By Crispian Balmer

ROME (Reuters) – Kenya’s president endorsed Italy’s plan for closer cooperation with Africa on Tuesday, saying it was evidence that Europe was taking the continent seriously despite criticism over the limited initial funding.

Italian Prime Minister Giorgia Meloni unveiled a long-awaited initiative on Monday aimed at helping African countries prosper in return for curbing illegal immigration, pumping a preliminary 5.5 billion euros ($5.96 billion) into the scheme.

Some critics scoffed at the small scale of many of the projects, while the chairman of the African Union Commission publicly chastised Meloni for not consulting more widely on the priorities beforehand.

But Kenyan President William Ruto told Reuters that the so-called Mattei plan, named after the late founder of Italian energy giant Eni, represented a good start.

“Every journey begins with one simple step. And I think that the most important step has been made, that we are recalibrating our relationship with Italy as a continent,” Ruto said.

The Kenyan leader said it was especially relevant given Italy held the rotating chair of the Group of Seven (G7) major Western powers, adding that he was confident Meloni would honour her pledge to promote African interests during her presidency.

“The narrative around Africa was conflict, disease, war. Now it’s changing. It is opportunity, investment, market and solutions,” he said, denying any doubts over the financial stability of his own country.

African Union Commission chief Moussa Faki Mahamat jolted his Italian hosts on Monday with sharply worded comments at the opening of the summit in Italy’s opulent Senate chamber.

“We are not beggars, our ambition is much higher, we want a paradigm shift for a new model of partnership that can pave the way towards a fairer and more coherent world,” he told Meloni.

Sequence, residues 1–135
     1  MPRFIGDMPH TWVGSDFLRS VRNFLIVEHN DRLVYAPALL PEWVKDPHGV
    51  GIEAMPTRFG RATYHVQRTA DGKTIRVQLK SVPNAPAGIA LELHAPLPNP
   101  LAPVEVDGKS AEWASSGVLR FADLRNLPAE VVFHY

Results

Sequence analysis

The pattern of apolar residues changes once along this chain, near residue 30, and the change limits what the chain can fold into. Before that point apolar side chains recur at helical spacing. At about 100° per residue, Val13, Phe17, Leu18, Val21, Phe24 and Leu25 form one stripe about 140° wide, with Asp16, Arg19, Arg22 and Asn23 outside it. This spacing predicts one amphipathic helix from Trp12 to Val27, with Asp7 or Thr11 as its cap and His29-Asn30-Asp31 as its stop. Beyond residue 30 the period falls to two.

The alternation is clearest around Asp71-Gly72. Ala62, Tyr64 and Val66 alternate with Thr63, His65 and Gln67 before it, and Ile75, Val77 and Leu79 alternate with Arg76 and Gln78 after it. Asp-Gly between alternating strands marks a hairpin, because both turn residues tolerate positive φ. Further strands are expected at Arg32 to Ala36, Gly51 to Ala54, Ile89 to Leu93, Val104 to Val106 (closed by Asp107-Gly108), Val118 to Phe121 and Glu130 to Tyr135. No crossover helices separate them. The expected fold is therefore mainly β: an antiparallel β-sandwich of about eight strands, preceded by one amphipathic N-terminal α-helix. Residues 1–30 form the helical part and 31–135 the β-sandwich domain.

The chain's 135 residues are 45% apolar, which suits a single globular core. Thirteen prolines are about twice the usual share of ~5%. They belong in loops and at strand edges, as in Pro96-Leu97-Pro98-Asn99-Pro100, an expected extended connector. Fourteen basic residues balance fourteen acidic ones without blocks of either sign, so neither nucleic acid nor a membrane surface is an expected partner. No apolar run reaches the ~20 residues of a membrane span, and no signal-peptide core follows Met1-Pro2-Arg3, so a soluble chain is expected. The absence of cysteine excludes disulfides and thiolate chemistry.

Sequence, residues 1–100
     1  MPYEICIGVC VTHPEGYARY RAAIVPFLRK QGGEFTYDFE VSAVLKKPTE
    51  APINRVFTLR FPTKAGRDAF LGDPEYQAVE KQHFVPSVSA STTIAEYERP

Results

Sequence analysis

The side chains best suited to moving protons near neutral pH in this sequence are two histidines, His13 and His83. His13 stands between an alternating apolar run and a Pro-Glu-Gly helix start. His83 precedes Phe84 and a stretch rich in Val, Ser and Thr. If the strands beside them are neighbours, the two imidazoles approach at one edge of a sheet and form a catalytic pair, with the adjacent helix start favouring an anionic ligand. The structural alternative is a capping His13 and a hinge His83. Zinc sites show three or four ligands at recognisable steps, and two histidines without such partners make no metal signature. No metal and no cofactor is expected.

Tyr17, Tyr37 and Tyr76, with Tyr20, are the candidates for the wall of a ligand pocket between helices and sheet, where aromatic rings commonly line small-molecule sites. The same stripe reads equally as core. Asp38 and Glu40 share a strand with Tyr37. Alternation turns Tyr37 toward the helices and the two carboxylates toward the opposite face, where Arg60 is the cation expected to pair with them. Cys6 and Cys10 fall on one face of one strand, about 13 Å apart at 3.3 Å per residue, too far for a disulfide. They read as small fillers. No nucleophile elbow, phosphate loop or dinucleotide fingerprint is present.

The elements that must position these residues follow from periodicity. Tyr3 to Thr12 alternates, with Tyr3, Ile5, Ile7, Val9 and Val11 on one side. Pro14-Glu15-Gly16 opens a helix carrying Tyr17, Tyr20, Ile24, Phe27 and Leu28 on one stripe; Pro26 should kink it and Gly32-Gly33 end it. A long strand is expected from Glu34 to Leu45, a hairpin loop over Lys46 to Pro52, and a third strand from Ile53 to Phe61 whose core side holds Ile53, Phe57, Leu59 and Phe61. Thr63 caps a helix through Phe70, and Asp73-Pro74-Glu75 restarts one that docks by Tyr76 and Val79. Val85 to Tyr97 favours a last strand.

“You can well understand that we can no longer be satisfied with mere promises that are often not kept,” he said.

Meloni’s domestic political foes accused her of short-changing her guests, saying much of the money that she pledged had already been announced previously.

“There is nothing new in the Mattei Plan, just funding already provided in the past and projects started long ago under another name,” said Davide Faraone, the Senate leader of the centrist Italia Viva party.

Of the 5.5 billion euros promised by Meloni, some 3 billion euros came from an international climate fund set up in 2021, while other funds would come in the shape of public guarantees rather than hard cash for on-the-ground projects.

“This is not entirely about money. This is about a relationship,” Ruto said, adding that Europe was waking up to the immense potential of Africa, which has the largest renewable energy resources in the world and two thirds of its arable land.

“The meeting encapsulated a new thinking not just in Italy, but in Europe and globally, about the place of Africa as a continent,” he said.

($1 = 0.9228 euros)

(Reporting by Crispian Balmer; Additional reporting by Angelo Amante; Editing by Christina Fincher)

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